Consumers Union, the Yonkers, N.Y., publisher of Consumer Reports (CR), has just published a scary sciency story, “How Safe Is Our Produce?”  It warns that children may be poisoned by eating small amounts of fresh peaches, apples, squash, and other farm crops.
The problem is, it’s not clear that the elaborate statistical foundation for the article is science. As important, Consumers Union (CU), which brags incessantly about the independence of its research and findings — the bases of its credibility — fails to acknowledge in Consumer Reports that the questionable study was supported by a funder, the W. Alton Jones Foundation, of Charlottesville, Va., that promotes a particular — one might even say alarmist — viewpoint:
Pesticide residues in produce pose a high risk of disrupting human and animal endocrine systems and may be causing other toxic damage.
The one-year Jones fund grant was $125,000, “with an option to seek a second year’s funding at the same level.”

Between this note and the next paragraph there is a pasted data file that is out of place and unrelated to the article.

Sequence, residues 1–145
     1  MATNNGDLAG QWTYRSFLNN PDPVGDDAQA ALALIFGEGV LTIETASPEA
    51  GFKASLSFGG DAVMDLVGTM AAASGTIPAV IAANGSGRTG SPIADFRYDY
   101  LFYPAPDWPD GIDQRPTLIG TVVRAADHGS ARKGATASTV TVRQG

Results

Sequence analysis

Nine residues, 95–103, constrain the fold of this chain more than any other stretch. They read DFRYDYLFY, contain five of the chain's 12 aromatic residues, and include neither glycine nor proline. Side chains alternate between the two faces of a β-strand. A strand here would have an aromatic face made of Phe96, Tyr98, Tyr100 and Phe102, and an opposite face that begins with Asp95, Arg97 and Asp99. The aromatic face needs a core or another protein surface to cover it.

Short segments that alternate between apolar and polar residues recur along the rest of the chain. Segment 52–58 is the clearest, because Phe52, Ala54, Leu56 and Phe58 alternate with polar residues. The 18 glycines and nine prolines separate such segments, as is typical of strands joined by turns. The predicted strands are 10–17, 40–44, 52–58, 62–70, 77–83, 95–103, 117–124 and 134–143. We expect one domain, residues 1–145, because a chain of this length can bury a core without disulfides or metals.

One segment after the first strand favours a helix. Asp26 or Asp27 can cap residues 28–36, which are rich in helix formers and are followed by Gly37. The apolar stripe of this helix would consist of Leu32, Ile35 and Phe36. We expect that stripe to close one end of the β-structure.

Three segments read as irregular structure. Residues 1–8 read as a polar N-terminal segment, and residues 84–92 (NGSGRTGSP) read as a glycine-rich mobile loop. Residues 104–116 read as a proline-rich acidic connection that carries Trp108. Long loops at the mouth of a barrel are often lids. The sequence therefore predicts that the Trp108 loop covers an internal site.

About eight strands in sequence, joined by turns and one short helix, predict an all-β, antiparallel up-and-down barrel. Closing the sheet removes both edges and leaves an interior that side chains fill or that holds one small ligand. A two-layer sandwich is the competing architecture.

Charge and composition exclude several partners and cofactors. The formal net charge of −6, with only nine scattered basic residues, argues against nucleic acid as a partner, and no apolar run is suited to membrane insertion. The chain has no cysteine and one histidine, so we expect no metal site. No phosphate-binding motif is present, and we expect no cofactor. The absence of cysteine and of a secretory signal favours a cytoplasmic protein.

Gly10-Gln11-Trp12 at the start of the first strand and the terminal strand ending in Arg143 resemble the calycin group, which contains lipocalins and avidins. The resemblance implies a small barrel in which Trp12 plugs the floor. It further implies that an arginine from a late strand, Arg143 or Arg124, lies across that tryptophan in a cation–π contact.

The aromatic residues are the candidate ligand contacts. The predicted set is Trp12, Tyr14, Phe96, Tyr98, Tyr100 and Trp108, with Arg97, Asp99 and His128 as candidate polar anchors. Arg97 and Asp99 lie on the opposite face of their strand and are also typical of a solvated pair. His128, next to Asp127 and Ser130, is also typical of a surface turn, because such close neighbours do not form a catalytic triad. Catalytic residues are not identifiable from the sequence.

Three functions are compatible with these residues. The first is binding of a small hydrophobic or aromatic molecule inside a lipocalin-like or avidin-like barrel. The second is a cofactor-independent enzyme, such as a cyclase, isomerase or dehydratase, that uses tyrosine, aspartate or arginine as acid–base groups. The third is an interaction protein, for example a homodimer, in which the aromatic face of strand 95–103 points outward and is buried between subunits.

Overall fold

Funding Not Revealed
This arrangement was described in a CU internal publication last summer. But it is not revealed either in the CR article or on CU’s advocacy website, which contains the technical report on which “How Safe Is Our Produce?” is based. The website does acknowledge support from the Jones fund and two other grantors, Pew Charitable Trusts of Philadelphia, and the Joyce Foundation in Chicago.
All this funding information is withheld from the magazine article’s readers, and the potential conflict of interest appears to have been ignored by the newspapers, which published uncritical stories about the report under scare headlines:
- “Some Fruits, Vegetables Endanger Kids, Study Says” — Los Angeles Times.
- “Fruit, Vegetable Pesticide Called Dangerous to Kids” — Newsday. ” . . . Children Found Most at Risk” — Washington Post.
The whole effort is a reprise of the Alar scare of a decade ago, charges Michael Fumento, a shrewd science analyst who works for the conservative Hudson Institute in Washington, D.C., in a piece in the Wall Street Journal .